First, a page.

The purpose of this statute is to limit the obligation of school districts to provide tuition-free education to students whose parents or legal guardians reside within the district (Appeal of Proctor, 46 Ed Dept Rep 575, Decision No. 15,599; Appeal of Peterson, 46 id. 558, Decision No. 15,595; Appeal of Pollock, 46 id. 553, Decision No. 15,593).  “Residence” for purposes of Education Law §3202 is established by one’s physical presence as an inhabitant within the district and intent to reside in the district (Longwood Cent. School Dist. v. Springs Union Free School Dist., 1 NY3d 385; Appeal of Pollock, 46 Ed Dept Rep 553, Decision No. 15,593; Appeal of Peacock, 46 id. 120, Decision No. 15,460).  A child's residence is presumed to be that of his or her parents or legal guardians (Catlin v. Sobol, 155 AD2d 24, revd on other grounds, 77 NY2d 552 (1991); Appeal of Speckman, 46 Ed Dept Rep 74, Decision No. 15,444).

The presumption that a child resides with his or her parents or legal guardians can be rebutted upon a determination that there has been a total, and presumably permanent, transfer of custody and control to someone residing in the district (Appeal of Goldman, 46 Ed Dept Rep 224, Decision No. 15,488; Appeal of Palmieri, 45 id. 174, Decision No. 15,293).  While it is not necessary to establish parental custody and control through a formal guardianship proceeding, it is necessary to demonstrate that a particular location is a child’s permanent residence and that the individual exercising control has full authority and responsibility with respect to the child’s support and custody (Appeal of Goldman, 46 Ed Dept Rep 224, Decision No. 15,488; Appeal of Palmieri, 45 id. 174, Decision No. 15,293).

A residency determination will not be set aside unless it is arbitrary and capricious (Appeal of Brown, 46 Ed Dept Rep 584, Decision No. 15,602; Appeals of Marston and Gunderson, 46 id. 580, Decision No. 15,601; Appeal of Bodden, 46 id. 98, Decision No. 15,452).  In an appeal to the Commissioner, the petitioner has the burden of demonstrating a clear legal right to the relief requested and the burden of establishing the facts upon which petitioner seeks relief (8 NYCRR §275.10; Appeals of Marston and Gunderson, 46 Ed Dept Rep 580, Decision No. 15,601; Appeal of Bodden, 46 id. 98, Decision No. 15,452).

Petitioner has failed to establish he is a resident of respondent’s district or to rebut the presumption that Sung Jun’s legal residence is with a parent outside the district.  Sung Jun’s mother (petitioner’s ex-wife) owns the Great Neck property, but resides in Korea.  Petitioner has not established physical presence at the Great Neck address and thus has not demonstrated that he resides in the district.  In his reply petitioner asserts that he has since moved to the Great Neck address.  In addition to being unsupported by any new evidence, that assertion belies petitioner’s claim of prior residence in the district.  Petitioner also has not demonstrated that there has been a permanent transfer of custody and control to a district resident.   The record indicates that Sung Jun lives at the Great Neck address with his sister, but there is no indication that custody and control of Sung Jun has been transferred to her.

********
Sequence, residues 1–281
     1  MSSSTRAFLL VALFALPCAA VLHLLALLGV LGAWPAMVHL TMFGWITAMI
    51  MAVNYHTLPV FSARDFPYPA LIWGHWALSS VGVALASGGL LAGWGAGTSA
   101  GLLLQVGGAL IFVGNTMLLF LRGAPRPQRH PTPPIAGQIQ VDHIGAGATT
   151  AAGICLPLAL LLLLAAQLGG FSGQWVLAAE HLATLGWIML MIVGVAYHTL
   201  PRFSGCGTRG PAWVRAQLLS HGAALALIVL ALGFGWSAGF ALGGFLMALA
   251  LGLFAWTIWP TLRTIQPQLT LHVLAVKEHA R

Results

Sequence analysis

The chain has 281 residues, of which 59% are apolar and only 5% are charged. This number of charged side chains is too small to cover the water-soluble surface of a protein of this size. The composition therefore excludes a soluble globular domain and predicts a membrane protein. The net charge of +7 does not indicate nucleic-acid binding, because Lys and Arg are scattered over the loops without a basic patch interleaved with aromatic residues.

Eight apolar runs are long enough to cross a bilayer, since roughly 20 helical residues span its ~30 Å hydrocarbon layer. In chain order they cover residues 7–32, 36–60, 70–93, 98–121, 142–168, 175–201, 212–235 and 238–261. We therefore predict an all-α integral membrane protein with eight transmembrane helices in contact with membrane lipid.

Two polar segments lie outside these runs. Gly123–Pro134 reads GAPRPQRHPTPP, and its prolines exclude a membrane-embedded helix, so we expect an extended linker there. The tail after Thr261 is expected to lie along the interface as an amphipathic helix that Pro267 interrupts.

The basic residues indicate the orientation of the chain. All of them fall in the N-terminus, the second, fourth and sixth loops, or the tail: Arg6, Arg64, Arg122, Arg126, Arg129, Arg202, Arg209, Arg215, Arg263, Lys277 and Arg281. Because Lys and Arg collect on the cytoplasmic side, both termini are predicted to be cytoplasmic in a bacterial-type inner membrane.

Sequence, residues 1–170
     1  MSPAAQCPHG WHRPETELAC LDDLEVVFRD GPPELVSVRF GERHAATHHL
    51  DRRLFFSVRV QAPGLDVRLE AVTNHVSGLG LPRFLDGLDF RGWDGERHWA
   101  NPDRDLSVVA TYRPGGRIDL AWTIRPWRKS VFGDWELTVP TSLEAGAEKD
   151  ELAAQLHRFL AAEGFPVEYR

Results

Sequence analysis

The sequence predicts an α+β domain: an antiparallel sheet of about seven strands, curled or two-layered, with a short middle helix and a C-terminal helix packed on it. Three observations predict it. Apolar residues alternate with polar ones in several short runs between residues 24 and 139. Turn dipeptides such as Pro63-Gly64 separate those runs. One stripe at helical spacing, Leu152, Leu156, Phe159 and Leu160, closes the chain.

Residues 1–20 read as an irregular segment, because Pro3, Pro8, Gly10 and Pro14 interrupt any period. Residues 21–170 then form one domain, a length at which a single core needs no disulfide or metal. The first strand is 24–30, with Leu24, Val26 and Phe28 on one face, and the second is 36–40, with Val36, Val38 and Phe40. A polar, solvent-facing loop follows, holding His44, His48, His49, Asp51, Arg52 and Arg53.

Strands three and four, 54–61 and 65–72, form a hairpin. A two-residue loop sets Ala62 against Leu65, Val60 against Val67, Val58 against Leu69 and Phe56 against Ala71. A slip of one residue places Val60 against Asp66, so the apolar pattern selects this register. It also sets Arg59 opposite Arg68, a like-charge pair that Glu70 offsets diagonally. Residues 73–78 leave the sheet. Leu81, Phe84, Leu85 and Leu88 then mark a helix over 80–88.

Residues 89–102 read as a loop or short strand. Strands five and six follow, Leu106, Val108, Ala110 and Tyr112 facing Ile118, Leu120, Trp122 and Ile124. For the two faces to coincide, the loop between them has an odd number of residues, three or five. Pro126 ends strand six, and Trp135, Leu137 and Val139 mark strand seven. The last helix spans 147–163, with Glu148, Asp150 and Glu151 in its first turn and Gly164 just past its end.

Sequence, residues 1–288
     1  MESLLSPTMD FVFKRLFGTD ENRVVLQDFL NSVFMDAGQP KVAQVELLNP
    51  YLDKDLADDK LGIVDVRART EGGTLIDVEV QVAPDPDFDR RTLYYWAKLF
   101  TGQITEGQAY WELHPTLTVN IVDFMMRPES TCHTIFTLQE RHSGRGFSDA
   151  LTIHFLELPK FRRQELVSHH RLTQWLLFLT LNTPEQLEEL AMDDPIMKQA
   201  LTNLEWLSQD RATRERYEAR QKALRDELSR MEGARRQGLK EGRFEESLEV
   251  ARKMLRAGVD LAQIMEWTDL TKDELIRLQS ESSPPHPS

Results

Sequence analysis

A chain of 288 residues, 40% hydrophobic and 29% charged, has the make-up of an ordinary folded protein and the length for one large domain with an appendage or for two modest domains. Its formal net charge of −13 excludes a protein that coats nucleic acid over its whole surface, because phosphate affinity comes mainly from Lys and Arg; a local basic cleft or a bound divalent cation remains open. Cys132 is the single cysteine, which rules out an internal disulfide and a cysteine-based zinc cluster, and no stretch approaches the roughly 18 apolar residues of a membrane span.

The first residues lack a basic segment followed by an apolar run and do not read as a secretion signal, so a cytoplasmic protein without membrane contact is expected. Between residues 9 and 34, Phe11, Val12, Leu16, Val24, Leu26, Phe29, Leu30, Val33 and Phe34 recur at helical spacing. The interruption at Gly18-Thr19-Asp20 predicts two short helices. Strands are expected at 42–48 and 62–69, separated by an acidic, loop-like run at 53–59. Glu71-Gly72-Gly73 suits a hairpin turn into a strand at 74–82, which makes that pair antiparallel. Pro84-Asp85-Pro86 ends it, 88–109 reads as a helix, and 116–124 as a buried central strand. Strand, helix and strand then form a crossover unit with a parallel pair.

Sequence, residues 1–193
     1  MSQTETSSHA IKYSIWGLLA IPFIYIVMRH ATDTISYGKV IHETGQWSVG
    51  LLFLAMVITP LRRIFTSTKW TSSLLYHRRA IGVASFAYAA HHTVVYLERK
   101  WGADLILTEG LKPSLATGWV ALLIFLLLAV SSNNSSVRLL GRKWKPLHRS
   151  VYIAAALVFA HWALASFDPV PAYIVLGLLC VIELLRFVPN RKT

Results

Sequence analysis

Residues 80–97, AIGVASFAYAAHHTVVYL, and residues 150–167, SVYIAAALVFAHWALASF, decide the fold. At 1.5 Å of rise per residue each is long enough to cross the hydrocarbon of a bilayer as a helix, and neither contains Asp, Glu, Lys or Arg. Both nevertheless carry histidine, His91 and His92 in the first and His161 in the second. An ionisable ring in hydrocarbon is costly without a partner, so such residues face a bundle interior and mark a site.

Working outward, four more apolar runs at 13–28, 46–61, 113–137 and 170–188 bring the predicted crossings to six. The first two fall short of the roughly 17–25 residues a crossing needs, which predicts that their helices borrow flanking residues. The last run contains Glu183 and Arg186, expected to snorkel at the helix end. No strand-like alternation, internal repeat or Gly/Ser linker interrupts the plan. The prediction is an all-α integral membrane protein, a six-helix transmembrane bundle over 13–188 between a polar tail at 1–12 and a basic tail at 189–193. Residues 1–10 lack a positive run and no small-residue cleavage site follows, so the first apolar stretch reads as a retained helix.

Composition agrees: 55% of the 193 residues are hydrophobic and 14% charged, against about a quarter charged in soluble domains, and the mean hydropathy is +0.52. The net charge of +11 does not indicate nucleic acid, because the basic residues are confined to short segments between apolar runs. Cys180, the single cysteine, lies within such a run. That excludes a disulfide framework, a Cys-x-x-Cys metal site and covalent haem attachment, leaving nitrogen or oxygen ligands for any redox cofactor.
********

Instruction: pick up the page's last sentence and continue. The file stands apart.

In support of his claim of residence, petitioner provided one bill and one letter addressed to him at the Great Neck address, a license listing that address but obtained just after his son’s residency became an issue, and several unsworn statements of unidentified individuals.  In contrast, the license petitioner first presented indicates his New York City address, his cars are registered to that address and petitioner initially admitted to living in New York City with his new wife.  Respondent credits petitioner’s initial explanation that his son preferred to live in Great Neck, but that his new wife did not.  With respect to findings of fact in matters involving the credibility of witnesses, I will not substitute my judgment for that of a hearing officer unless there is clear and convincing evidence that the determination of credibility is inconsistent with the facts (Appeal of L.Z., 46 Ed Dept Rep 518, Decision No. 15,581; Appeal of L.F. and J.F., 46 id. 414, Decision No. 15,550; Appeal of P.D., 46 id. 50, Decision No. 14,438).    

Petitioner also contends that, because Sung Jun’s mother owns the Great Neck property and pays taxes, Sung Jun is entitled to attend school in the district, with the taxes deducted from tuition.  The mere fact that one rents or owns a house or property in the district, or even pays taxes in the district, does not necessarily confer residence status (Appeal of Hensley, 46 Ed Dept Rep 187, Decision No. 15,480; Appeal of Cross, 44 id. 58, Decision No. 15,098; Appeal of O’Herron, 41 id. 1, Decision No. 14,591).

Moreover, petitioner misconstrues applicable law regarding property ownership and tax offsets.   Education Law §3202(3) authorizes deduction of taxes paid from nonresident tuition charged by a school district.  It is based on the fact that a student is a nonresident and, at the district’s discretion, is attending school upon payment of tuition.  Petitioner’s contention that the payment of taxes by Sung Jun’s mother entitles him to attend school in respondent’s district, therefore, is without merit.

Accordingly, based on the record before me, I cannot find respondent’s determination to be arbitrary and capricious.  While the appeal must be dismissed, I note that petitioner has the right to reapply to the district for admission on Sung Jun’s behalf if circumstances change, and to present any new information for the district’s consideration.